Promises and Pitfalls of Consultative Processes in Development

AUTHORS: Constantin Manuel Bosancianu, Ana Garcia-Hernandez and Macartan Humphreys

 

SUMMARY: In spite of their great promise, consultative and deliberative processes may fail to reflect community preferences faithfully. This can happen either because participation and engagement in consultations is skewed, or because the leaders in charge of managing them are able to influence the proceedings. We present findings from a recently-implemented project in Kampala, Uganda, that examines the effectiveness of these processes. We find evidence of inequality in engagement and also evidence of leader influence over outcomes but that, by and large, these do not spill over to create inequalities in whose views get reflected in meeting outcomes. This suggests that, under the right conditions, consultations are a valuable conduit of popular preferences.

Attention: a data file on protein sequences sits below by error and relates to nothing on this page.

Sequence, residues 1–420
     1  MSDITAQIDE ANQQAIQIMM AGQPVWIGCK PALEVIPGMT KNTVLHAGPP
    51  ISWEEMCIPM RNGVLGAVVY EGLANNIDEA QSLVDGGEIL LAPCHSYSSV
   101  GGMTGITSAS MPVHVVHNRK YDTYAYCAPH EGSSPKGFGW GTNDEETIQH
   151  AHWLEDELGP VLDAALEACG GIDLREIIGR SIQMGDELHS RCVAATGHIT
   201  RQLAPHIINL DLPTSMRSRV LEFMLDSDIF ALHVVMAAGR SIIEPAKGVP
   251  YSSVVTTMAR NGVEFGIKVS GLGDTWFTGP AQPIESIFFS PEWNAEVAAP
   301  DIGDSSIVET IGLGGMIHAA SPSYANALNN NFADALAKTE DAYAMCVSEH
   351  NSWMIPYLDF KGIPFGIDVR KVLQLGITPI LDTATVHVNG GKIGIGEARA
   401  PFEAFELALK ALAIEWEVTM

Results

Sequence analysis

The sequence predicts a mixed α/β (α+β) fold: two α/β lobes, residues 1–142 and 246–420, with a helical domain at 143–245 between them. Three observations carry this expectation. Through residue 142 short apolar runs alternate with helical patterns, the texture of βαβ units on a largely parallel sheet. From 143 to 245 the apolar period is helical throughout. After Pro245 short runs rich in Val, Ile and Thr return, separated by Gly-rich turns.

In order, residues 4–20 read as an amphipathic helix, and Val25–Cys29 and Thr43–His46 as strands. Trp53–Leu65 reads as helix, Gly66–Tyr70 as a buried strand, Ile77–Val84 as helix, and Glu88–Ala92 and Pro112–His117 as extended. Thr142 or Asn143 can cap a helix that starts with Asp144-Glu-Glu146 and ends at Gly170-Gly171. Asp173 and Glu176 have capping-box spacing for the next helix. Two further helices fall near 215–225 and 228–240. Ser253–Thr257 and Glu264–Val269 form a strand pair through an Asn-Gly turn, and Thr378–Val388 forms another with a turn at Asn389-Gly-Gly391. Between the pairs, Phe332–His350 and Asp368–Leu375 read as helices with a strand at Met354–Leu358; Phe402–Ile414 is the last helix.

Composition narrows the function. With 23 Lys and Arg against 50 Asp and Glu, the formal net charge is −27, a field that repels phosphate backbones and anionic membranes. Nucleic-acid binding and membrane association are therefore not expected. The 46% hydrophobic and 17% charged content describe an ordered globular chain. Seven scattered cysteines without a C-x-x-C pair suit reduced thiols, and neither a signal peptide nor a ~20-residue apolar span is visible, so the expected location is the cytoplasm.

Citizen consultations have become ever-present in recent decades. They range from multi-country discussions on the future of the EU, to country-wide participatory budgeting exercises, all the way to small-scale community decisions on development projects in rural Afghanistan. Proponents of such fora point to many benefits. These include gains from incorporating local knowledge, greater inclusion, as well as the potential for outcomes (decisions) to more closely match local priorities. In the long term, consultations might also build trust between communities and political actors, improve accountability, and increase citizen satisfaction with political processes. When properly structured and supported, they hold the promise of a flattening of inequalities in ‘voice’ that are common across an array of conventional political activities, such as turnout in elections.